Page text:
The class, which will be offered in the spring quarter through Cal Poly’s ethnic studies department, will focus on exploring political landscapes through Beyoncé’s work, according to assistant professor and Beyoncé fan Jenell Navarro, who will teach the class.
“We’re mostly trying to explore three things: woman of color feminism; racism, specifically anti-black racism; and police brutality,” Navarro said, adding that those themes can be found even in Beyoncé’s early career with Destiny’s Child, with songs like “Survivor” and “Independent Women.”
“We just felt like in this political moment, young people of color are really tuned in to Beyoncé, and her most recent work, ‘Lemonade,’ spoke volumes to them about the diversities of blackness, about being a woman of color in 2017 — and a politically conscious one at that — and that’s difficult to reign or master,” Navarro said.
The class is structured along the same lines of the “Lemonade” album, Navarro said, and each week is themed around a different emotion. For example, the theme of the first week is intuition, and other themes include accountability, freedom, redemption and hope.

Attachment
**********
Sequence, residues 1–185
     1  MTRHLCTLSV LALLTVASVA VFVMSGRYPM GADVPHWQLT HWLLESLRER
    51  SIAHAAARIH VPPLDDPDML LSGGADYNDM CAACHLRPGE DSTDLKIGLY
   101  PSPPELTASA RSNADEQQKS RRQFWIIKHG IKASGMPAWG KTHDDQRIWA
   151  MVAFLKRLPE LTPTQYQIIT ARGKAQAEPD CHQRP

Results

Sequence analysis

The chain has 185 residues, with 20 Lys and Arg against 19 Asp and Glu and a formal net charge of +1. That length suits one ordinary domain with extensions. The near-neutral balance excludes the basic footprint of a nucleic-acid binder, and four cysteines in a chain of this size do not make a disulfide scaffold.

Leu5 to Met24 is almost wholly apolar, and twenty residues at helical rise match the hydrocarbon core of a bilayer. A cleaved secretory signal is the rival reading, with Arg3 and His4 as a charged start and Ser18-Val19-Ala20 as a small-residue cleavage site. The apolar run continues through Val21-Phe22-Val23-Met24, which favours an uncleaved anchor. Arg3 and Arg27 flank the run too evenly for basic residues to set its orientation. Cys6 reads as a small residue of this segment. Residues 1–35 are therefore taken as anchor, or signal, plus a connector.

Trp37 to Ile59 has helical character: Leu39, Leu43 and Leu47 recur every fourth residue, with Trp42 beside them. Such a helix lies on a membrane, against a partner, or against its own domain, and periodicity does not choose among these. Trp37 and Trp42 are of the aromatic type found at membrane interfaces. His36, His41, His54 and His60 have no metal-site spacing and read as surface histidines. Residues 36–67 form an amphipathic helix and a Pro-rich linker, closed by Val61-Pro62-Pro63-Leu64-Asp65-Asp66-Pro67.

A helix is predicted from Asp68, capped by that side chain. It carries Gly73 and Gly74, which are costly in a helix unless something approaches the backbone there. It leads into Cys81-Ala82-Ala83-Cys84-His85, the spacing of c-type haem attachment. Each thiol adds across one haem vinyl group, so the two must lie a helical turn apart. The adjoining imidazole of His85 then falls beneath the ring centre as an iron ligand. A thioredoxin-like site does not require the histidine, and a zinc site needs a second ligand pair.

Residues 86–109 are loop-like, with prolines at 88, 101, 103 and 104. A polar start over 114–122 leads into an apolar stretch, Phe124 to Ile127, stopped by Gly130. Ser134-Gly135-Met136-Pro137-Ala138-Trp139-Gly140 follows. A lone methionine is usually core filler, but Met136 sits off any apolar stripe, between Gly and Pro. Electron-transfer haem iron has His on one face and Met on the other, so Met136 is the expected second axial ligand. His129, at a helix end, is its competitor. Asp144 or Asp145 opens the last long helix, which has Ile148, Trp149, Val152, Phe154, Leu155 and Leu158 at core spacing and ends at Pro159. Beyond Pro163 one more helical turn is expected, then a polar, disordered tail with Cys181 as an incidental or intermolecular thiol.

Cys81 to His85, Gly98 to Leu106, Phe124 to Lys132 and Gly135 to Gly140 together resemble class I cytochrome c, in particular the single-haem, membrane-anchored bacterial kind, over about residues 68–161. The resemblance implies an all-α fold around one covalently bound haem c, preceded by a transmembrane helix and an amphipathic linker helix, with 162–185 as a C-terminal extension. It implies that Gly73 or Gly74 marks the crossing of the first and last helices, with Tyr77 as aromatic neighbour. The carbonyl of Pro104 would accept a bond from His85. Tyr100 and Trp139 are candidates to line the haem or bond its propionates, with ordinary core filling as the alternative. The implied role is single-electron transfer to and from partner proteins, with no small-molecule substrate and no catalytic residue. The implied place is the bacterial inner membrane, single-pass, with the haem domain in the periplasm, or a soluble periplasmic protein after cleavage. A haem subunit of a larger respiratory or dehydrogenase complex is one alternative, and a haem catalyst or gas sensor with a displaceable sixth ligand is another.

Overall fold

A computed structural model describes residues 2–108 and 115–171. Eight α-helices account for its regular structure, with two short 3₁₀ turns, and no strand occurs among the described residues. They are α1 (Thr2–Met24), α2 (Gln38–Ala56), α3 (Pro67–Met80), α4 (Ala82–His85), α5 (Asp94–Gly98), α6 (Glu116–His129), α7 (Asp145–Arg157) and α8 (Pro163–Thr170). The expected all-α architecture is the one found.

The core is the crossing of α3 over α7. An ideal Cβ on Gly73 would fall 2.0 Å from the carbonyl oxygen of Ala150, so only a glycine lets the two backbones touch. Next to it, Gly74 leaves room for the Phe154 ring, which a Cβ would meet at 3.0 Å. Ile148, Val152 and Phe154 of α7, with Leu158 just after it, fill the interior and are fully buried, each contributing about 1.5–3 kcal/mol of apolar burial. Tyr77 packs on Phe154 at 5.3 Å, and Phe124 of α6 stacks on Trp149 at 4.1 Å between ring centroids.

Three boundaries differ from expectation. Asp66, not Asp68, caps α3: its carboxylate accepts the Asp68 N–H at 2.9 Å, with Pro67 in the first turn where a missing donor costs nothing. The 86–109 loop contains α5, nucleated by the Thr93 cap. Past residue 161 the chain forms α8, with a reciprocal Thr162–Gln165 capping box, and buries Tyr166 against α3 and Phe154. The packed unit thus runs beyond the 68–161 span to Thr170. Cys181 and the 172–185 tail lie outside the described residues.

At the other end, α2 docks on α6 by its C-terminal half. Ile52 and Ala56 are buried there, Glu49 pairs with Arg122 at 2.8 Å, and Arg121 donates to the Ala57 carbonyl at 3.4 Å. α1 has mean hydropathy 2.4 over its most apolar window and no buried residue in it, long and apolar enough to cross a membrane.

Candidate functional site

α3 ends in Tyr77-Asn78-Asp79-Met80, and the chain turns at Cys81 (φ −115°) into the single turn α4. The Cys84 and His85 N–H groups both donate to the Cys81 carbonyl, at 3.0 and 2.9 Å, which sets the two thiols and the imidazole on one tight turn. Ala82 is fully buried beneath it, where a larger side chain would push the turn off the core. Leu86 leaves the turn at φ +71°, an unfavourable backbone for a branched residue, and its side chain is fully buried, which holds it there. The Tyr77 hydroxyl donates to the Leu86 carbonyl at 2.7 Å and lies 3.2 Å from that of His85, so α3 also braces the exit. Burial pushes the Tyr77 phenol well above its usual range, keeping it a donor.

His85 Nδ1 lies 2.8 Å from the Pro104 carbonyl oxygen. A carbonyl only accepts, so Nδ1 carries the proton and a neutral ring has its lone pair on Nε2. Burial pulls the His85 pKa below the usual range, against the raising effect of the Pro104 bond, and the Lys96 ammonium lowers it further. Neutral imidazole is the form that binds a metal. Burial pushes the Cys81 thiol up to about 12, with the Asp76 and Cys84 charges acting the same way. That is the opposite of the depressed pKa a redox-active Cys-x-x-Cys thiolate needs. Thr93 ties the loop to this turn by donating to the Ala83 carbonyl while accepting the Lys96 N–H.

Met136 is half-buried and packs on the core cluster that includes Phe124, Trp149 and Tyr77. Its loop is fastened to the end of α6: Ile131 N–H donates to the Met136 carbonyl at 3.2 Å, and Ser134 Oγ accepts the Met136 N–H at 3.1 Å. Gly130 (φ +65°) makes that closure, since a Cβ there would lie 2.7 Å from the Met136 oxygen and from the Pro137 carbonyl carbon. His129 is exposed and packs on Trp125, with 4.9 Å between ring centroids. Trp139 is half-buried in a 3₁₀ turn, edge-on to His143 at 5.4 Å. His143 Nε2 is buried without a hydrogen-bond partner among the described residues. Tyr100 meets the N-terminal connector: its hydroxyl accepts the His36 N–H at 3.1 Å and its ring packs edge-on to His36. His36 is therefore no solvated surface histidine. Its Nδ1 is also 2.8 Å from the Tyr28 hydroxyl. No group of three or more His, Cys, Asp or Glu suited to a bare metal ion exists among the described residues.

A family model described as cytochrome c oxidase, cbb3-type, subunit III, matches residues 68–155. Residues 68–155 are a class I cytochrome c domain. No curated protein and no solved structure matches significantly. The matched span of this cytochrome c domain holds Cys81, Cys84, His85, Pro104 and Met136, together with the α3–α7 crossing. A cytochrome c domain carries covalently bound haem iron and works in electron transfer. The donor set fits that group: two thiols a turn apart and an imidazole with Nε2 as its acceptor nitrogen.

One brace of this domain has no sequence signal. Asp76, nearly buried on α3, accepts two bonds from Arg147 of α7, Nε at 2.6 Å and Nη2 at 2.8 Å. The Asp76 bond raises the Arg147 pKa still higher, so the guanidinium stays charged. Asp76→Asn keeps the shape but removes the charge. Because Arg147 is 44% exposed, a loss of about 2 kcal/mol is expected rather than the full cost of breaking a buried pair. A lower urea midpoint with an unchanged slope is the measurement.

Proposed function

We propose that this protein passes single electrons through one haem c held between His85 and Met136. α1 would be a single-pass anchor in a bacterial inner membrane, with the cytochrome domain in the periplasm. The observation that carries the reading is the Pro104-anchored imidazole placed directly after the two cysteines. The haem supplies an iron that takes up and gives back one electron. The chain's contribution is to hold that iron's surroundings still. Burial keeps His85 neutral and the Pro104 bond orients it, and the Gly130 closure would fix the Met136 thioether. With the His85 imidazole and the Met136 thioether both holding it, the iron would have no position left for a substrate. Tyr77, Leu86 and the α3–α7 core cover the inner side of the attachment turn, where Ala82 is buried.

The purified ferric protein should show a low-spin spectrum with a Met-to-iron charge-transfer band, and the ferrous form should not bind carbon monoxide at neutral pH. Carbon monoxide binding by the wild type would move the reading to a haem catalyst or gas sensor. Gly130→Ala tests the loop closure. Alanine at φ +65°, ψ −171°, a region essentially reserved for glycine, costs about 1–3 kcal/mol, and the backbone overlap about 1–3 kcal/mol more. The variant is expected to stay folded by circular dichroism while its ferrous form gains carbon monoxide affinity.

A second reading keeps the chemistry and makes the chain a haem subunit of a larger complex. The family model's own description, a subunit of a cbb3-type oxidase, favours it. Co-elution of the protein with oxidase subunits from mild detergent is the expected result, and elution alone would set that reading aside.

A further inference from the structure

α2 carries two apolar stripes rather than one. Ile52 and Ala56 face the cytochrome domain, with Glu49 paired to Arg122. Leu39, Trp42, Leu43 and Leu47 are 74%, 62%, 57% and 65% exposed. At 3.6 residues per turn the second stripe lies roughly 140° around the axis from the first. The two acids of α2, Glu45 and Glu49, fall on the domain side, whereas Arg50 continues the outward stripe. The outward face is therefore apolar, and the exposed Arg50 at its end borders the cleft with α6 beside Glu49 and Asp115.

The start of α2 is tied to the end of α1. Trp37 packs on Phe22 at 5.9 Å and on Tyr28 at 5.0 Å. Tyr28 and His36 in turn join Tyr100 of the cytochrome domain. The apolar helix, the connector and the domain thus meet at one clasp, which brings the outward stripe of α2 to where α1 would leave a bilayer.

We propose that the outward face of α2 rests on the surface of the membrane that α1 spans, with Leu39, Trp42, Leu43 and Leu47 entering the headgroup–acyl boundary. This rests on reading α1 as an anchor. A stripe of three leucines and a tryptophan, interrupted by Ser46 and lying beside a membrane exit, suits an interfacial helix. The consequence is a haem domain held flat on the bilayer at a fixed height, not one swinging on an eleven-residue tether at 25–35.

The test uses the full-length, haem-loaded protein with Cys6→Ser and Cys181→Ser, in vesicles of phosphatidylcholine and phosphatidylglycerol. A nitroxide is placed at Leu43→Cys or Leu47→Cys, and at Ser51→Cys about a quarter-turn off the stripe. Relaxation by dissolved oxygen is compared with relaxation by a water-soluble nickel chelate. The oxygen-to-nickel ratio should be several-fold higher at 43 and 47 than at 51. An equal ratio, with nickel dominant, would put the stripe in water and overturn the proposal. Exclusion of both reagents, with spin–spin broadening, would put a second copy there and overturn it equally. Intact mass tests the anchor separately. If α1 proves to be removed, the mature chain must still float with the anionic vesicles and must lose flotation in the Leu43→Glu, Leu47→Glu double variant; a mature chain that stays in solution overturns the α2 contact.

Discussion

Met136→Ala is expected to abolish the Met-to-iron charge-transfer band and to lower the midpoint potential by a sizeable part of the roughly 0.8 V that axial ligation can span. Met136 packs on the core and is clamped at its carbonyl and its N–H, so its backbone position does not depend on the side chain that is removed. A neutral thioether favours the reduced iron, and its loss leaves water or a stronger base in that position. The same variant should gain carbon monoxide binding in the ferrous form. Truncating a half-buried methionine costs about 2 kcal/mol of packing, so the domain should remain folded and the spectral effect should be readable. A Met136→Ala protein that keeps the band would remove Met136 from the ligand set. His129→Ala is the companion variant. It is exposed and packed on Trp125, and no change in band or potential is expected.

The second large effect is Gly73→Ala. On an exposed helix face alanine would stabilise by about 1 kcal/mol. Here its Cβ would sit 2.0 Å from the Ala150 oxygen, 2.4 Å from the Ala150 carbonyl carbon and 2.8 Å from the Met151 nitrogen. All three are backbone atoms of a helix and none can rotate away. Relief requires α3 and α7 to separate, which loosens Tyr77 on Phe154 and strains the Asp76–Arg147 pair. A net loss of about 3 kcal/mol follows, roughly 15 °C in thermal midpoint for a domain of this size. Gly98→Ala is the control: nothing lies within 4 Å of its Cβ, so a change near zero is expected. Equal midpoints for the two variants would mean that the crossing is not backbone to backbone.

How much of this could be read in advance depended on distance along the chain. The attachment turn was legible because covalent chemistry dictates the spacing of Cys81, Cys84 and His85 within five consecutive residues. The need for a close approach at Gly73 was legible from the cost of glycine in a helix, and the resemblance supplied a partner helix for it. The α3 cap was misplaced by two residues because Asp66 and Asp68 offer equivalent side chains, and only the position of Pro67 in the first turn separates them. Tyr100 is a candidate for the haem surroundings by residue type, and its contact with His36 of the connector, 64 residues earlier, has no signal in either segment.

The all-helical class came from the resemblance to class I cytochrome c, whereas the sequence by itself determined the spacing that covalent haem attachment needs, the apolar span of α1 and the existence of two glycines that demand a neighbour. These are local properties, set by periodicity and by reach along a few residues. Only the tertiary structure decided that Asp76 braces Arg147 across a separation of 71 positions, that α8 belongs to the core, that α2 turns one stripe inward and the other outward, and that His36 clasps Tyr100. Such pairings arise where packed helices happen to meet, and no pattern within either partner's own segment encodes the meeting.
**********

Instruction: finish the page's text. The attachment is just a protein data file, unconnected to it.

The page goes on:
According to the syllabus, the course will “pair Beyonce’s music and music videos with historical and contemporary readings by intellects of color who speak volumes about the persistent redesigning of racism, sexism and police violence in our world.”
Instead of a final exam, the class will culminate in a one-day conference called Cal Poly Bey Day, which Navarro said will feature student and faculty presentations on Beyoncé’s work, performances choreographed to Beyoncé’s music, and an altar dedicated to women of color who have been killed because of police violence.
“What I would like to do is subvert the notion that the only people who produce canons of work are white males,” Navarro said. “We have an incredible knowledge of production and artistry in Beyoncé’s work, and it’s coming from a black woman, and that should be celebrated and applauded.
“We want to show students even though we’re in an institution of higher education that values the Western tradition — which is mostly the white, male, European tradition — there are other forms of knowledge that are incredibly sophisticated and worthy of study.”
Navarro said that, given that Cal Poly is a predominantly white campus, it’s important to have classes that are relevant to students of color.
“A predominantly white institution needs spaces designed to nourish and provide a safe space for our students of color, and I hope this class will be one of those,” she said.